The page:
The problem was to identify the best approach to measure and assess emissions of hazardous substances (dusts, gases, fog etc.) from machines. The investigation was based on the standards series EN 1093 "Safety of machinery - Evaluation of the emission of airborne hazardous substances" and especially on Part 2 "Tracer method" and Part 3 "Bench test method". The project had a planned running time of several years and brought together eight research institutes from six European countries. The aim of the total project was to define test standards for specific machine groups, so called C standards, so that machines can be tested under reproducible conditions and all test organisations will get the same results for the same machines.
A first step was aimed to determine the central test parameters, using reference sources of dusts and gases. Among these parameters counted the position of the emission source in the test chamber, the air velocity, the form and length of the measuring tunnel, adequate measurement points and instruments etc. These parameters set the framework for standardised test conditions under which a number of simple machines emitting dusts and gases were investigated on test benches in different European countries. The aim consisted in defining test standards for specific groups of machinery so that tests on these machines are everywhere conducted under reproducible conditions and always yield the same results. Manufacturers of machines are thus given the opportunity to demonstrate compliance with the basic requirements of the Machinery Directive in terms of pollutant emissions.
A large number of permutations were studied with regard to air speed, dust source positioning, and number of measurement filters, in order to optimize emission measurements on the different test benches of European OSH institutions. The following four settings were favored for measurement of dust emissions: emission measurement with the greatest possible number of measurement filters distributed evenly over the channel cross-section; positioning of the dust source in the direction of the chamber funnel and at a distance of 2 metres from it; positioning of the dust source at mid-height of the chamber or above, and an air speed within the measurement chamber of 0.5 m/s or higher. Each method has its advantages and disadvantages: The emission measurement with the greatest possible number of measurement filters requires a compromise between the number of measurement filters (a more accurate measurement of the dust distribution profile) and the justifiable cost. In accordance with VDI 2066 Part 1, "Measurement of particulate matter in flowing gases, gravimetric determination of dust load - overview", the cross-sectional area of a rectangular measurement channel must be divided into sub-rectangles of equal size, upon the diagonal intersections of which the measurement filters are to be placed. Either four or nine sub-rectangles and filterpositions could therefore be employed. In most cases five filters were used and the fifth filter was placed at the center of the channel cross-section. If the mean value is calculated from the results yielded by these five measurement filters, the above measurement standard is violated. The effect of the resulting deviation at the dust profiles measured was however so low that this method of determining the mean is acceptable. The increase in the distance between the dust source and the chamber funnel results in more even dust distribution where particles are small, owing to the longer dwell time and where particles are larger it results in higher sedimentation losses. The system was optimized for low sedimentation losses. The sedimentation losses can be reduced further when the blast from the dust source is directed towards the measurement channel and the vortexing in the measurement channel is intensified by the generation of further air turbulences at the start of the measurement channel. The system was also optimized for low sedimentation losses through different positions in height of the dust sources. The dust sources studied were positioned at three heights (at one-quarter, half and three-quarters of the chamber height). Whereas a higher sedimentation loss occurred at the lowest height, particularly where larger particles were concerned, the other two heights yielded results delivered virtually the same result when averaged over all measurement filters. The increase in air speed seems problematic because a favorable dust transport is ensured from the dust source to the measurement filter, it also deconcentrates the free dust strongly. In addition, the air speed of 0.5 m/s does not correspond to industrial practice. The effect of the machine exhaust is also reduced, as the dust is transported away too quickly from the intake on the machine. This setting should not therefore be employed in future standardization activity.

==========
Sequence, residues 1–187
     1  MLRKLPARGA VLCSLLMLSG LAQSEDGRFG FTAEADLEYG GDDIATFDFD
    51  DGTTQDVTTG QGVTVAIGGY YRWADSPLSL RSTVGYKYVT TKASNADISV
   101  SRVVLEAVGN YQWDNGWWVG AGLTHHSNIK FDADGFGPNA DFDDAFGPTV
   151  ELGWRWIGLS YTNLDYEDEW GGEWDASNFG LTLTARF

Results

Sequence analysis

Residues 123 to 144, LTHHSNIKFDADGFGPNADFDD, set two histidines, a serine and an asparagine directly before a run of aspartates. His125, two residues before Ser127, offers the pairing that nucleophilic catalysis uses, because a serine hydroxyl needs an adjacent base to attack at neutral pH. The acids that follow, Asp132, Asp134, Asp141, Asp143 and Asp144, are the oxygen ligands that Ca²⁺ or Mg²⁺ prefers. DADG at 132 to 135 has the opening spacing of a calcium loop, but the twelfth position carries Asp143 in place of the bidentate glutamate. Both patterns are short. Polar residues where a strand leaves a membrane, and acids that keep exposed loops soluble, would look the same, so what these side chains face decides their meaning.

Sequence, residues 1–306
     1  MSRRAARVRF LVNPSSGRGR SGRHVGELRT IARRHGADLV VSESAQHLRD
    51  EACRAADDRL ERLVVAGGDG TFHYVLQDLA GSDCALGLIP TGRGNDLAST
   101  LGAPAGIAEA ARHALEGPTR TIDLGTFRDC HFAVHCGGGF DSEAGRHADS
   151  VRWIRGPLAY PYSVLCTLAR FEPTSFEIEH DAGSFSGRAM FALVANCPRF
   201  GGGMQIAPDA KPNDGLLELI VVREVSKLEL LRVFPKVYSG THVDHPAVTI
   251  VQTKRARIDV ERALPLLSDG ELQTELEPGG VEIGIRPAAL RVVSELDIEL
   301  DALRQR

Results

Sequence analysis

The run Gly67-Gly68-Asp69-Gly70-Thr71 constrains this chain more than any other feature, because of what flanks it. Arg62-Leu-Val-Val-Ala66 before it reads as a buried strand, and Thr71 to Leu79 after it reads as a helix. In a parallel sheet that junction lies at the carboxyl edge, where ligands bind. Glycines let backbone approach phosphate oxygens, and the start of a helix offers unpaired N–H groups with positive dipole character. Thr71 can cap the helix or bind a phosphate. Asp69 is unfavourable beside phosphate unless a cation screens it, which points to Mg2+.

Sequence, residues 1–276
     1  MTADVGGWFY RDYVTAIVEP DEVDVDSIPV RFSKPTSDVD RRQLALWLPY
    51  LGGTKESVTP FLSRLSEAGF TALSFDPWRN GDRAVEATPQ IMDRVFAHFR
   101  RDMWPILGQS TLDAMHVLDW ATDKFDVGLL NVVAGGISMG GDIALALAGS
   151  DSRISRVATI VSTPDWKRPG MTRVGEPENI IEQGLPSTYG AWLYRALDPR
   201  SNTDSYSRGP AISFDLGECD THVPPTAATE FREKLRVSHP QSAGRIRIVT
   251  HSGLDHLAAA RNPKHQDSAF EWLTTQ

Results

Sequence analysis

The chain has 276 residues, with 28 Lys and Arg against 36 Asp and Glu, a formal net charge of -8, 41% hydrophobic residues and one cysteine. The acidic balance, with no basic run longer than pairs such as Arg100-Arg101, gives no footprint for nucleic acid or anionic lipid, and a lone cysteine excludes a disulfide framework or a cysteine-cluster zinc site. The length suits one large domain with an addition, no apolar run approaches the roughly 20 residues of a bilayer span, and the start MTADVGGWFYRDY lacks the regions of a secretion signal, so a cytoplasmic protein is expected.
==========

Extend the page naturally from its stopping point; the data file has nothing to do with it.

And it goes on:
-cross sectoral-Type of hazard:
Gefahrstoffe, Arbeitsbedingte Erkrankungen, Arbeitsbedingte GesundheitsgefahrenCatchwords:
Maschinensicherheit, Prüfverfahren, NormungDescription, key words:
machine tests under reproducible conditions, measurement of emissions of hazardous substances, bench test method, tracer method, development of standards